Post-Traumatic Stress Disorder is Associated with Peripheral Tau
           Concentrations
    • Authors: Pattinson C; Gill J, Brickell T, et al.
      Pages: 692 - 702
      Abstract: Objective: Mild traumatic brain injuries (mTBIs) with comorbid post-traumatic stress disorder (PTSD) is common in military personnel following recent deployments. Given that TBI and PTSD are associated with an increased risk of Alzheimer’s disease and related dementias, we aimed to examine if mTBI and comorbid PTSD had cumulative effects on peripheral tau concentrations in two cohorts of military veterans and service members. Method: Cohort 1 included military personnel who were treated at Walter Reed National Military Medical Center following mTBI. Participants were divided into three groups: mTBI-Neg/PTSD-Neg (n = 18), mTBI-Pos/PTSD-Neg (n = 64), and mTBI-Pos/PTSD-Pos (n = 21); Age M = 34.1years (SD = 10.1). Cohort 2 included personnel who were referred to the Madigan Sleep Disorders Clinic. Participants were split into four groups: mTBI-Neg/PTSD-Neg (n = 59), mTBI-Neg/PTSD-Pos (n = 11), mTBI-Pos/PTSD-Neg (n = 17), and mTBI-Pos/PTSD-Pos (n = 25); Age M = 33.3 years (SD = 7.9). The cohorts were analyzed separately using ANOVA models, with Bonferroni adjustment. Results: For Cohort 1, ANOVA showed significant group differences on tau (p < .01). Post-hoc analyses revealed that the mTBI-Pos/PTSD-Pos group had significantly higher tau than the mTBI-Neg/PTSD-Neg group (p = .02) and trended towards higher than the mTBI-Pos/PTSD-Neg group (p = .06). The mTBI-Pos/PTSD-Pos and mTBI-Neg/PTSD-Pos groups did not significantly differ (p > .05). These results were validated with Cohort 2; ANOVA showed group differences on tau (p < .05). Post-hoc analyses revealed that the mTBI-Pos/PTSD-Pos group had significantly higher tau than both the mTBI-Neg/PTSD-Neg and mTBI-Pos/PTSD-Neg groups (p < .05). Conclusions: These results are the first to identify that a history of mTBI and comorbid PTSD is associated with increased peripheral tau. This provides insight into potential pathways for intervention and monitoring to ameliorate negative outcomes following mTBI in military personnel.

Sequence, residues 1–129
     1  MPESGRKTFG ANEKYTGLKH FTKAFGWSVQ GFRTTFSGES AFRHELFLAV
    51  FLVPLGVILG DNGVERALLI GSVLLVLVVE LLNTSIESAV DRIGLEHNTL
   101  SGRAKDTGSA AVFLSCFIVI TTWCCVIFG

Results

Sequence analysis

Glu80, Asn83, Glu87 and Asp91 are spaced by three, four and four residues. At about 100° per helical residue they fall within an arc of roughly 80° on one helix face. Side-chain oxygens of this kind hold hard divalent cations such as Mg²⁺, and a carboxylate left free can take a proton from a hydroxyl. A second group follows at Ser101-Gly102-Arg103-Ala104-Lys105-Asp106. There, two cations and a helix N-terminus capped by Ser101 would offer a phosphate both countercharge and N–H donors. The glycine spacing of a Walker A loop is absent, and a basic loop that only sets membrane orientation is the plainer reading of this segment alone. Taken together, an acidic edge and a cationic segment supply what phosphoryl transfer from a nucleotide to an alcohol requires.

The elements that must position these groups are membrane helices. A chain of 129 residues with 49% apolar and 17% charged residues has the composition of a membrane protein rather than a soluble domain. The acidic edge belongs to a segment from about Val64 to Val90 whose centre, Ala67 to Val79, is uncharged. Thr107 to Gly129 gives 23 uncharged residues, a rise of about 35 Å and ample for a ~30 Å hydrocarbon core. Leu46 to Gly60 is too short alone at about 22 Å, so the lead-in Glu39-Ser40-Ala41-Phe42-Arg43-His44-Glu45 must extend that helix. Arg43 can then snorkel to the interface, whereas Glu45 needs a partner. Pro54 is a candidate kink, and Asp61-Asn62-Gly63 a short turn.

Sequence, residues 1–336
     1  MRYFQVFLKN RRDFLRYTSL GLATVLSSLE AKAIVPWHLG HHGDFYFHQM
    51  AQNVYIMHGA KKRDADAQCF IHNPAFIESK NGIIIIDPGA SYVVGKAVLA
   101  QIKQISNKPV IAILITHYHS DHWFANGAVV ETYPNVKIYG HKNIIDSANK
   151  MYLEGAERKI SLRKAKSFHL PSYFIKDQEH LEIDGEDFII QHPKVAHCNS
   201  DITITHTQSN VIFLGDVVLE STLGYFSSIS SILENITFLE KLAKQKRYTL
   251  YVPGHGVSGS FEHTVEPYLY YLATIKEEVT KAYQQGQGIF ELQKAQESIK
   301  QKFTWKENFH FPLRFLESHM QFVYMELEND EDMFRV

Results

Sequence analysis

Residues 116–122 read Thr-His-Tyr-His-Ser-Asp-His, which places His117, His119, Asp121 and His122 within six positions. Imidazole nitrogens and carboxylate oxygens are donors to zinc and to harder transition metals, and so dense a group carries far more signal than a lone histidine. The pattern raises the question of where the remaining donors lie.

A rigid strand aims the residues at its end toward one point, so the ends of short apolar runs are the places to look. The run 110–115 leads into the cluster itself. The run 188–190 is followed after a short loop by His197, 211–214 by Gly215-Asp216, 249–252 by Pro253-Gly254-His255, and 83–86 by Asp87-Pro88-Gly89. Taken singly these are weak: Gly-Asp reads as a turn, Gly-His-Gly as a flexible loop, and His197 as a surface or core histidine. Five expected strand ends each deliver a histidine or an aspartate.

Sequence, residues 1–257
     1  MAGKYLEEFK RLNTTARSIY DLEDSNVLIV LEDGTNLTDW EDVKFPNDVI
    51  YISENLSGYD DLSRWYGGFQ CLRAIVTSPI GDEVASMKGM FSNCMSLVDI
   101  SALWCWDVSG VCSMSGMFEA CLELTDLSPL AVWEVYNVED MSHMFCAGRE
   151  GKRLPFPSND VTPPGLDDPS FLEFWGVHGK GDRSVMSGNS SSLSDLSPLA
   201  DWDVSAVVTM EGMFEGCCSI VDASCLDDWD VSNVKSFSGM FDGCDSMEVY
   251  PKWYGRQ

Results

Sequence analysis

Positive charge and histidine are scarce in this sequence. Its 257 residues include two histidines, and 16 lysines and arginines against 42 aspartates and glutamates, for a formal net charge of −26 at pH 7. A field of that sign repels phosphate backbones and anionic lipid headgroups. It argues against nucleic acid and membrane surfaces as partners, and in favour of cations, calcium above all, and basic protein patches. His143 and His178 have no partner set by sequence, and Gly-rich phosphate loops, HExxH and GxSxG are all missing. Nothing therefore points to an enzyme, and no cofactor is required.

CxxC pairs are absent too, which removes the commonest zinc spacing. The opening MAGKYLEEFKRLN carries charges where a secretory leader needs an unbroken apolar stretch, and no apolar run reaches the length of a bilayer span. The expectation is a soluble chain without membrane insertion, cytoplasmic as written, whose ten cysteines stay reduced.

PubDate: Wed, 17 Oct 2018 00:00:00 GMT